Web Clicks Multiple Images | Can you Monetize a Book Blog?

Click to see larger: 124 website clicks for $32.07 spent

Website Conversion Ad – NOTE: I had good results with this, but I’m skeptical of the accuracy because of what I talked about with Facebook Pixel

Website Conversion Ad | Can you Monetize a Book Blog?

Website Conversion Ad | Can you Monetize a Book Blog?

Click to see larger: 608 link clicks for $31.96 spent

And that’s all for Facebook Pages and Advertising. If you have any questions let me know in the comments!

Updates @ LT Librarian Apparel: aka business re-thinks and changes

Shop Woot Pinterest Promotion: I found this while Googling for ways to promote my Shopify store. It’s a service that promotes your product from you and keeps promoting it until you get a minimum of 30 repins. Which is amazing. I’ll admit that I don’t do as much Pinterest promotion as I ought to, considering the power of it, so this is super helpful for me. From research, I know that Pinterest is one of the top ways shoppers use to plan purchases and I hoped for great results from this. I think I got a total of 2 repins. Complete and utter bust.

Product Photoshoot: I’ve been meaning to do this for ages, but things kept coming up and getting in the way. But finally, I was able to get out to High Park (for all you Torontonian readers…) and take product pictures with my very generous friend. I’m extremely happy with the way all the pictures came out! And my mom (graphic designer) was able to help me out with some Photoshop editing tips and tricks which I used to edit my FitBit out of a bunch of shots because I forgot to take it off. I refrained from using Photoshop to make my legs look smaller, but I did smooth out a little cellulite because I’m only human after all.

Photoshoot| Can you Monetize a Book Blog?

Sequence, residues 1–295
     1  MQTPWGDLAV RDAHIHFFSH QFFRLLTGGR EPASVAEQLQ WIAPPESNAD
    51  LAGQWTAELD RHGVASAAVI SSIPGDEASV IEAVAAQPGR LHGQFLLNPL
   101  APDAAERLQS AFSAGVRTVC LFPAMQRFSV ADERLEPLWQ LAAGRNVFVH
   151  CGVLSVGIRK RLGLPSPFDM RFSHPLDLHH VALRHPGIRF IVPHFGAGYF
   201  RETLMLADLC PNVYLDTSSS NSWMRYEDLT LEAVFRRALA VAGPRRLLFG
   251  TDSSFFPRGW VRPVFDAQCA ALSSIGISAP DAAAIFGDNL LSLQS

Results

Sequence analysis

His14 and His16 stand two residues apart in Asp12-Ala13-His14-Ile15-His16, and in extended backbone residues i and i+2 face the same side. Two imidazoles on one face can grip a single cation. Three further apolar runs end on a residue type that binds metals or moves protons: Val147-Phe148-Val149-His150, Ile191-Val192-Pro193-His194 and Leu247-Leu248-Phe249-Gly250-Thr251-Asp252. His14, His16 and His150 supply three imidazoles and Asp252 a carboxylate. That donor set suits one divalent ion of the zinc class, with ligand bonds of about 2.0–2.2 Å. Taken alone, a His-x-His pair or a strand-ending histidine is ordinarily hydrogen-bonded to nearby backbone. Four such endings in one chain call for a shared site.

Shopify Downgrade: I downgraded my Shopify from a self-hosted website to a Facebook store. There were LOTS of issues in the conversion, but I mostly have them solved at this point. I decided to downgrade because I was paying a premium fee and not getting the sales to back it up. It makes no sense to pay $43 a month with no sales. So even though I don’t like the way the Facebook shop looks as much as the way my self-hosted shop did, it’s a much more affordable option. Also, with my previous success with Facebook ads, I’m hoping that being able to purchase directly from Facebook will entice users.

July Financial Report

Costs*

Facebook Ads (includes Instagram Ads) – $69.29

Shop Woot Pinterest Promotion – $ 0 (get 2 free promo credits)

Buffer – $13.52

Site Hosting – $9.32

Shopify Fee – $5.61

Photography – $ 0 (my friend did my photos, though I did treat her to lunch for it, should I put that as a cost? )

Photo Editing – $ 0 (I do this myself)

Tote Bag Giveaway – $ 29.12

Total Costs = $ 126.86

Revenue*

LT Librarian Apparel – $ 0

Total Revenue = $ 0

Profit* = $ -126.86

Profit since store opening = $ -692.67

The Big Costs

This month my largest cost was my Facebook advertising, which didn’t end up getting any sales sadly. I did another giveaway to help boost my followers on Twitter and promote the tote bags in the shop. It was perhaps not the wisest idea to make it international because the shipping is so much more expensive. I suppose if I were more of a criminal mastermind I wouldn’t have done a random pick, and chosen someone from the US. But I’m not that devious or unfair, so I didn’t. But downgrading my Shopify did really save me a lot this month.

Shop Stats

Remember the beautiful shop stats I had last time? Yeah, when I downgraded, Shopify locked that all and wouldn’t even let me see my previous reports  So I’ve included my Facebook shop stats since transferring to that platform. I actually haven’t even promoted my page yet! So I was surprised to see the amount of visitors that I did see. And Facebook is terrible at showing sources for traffic so I legit have no idea where these people came from… but yay?

FB Page Stats | Can You Monetize A Book Blog?

Click the image to see it full-sized

Read the first post in this series Part One: Starting Out + May Financial Report

Read the second post in this series Part Two: Branding + June Financial Report

If you’re interested in seeing what my shop LT Librarian Apparel has to offer, click the logo below:

NOW SHIPPING INTERNATIONALLY

Lunch-Time Librarian Apparel

Would you use Facebook advertising or a Facebook Page? Why or why not?

What would you want to see featured next month? E.g. advertising, Shopify tutorial, etc.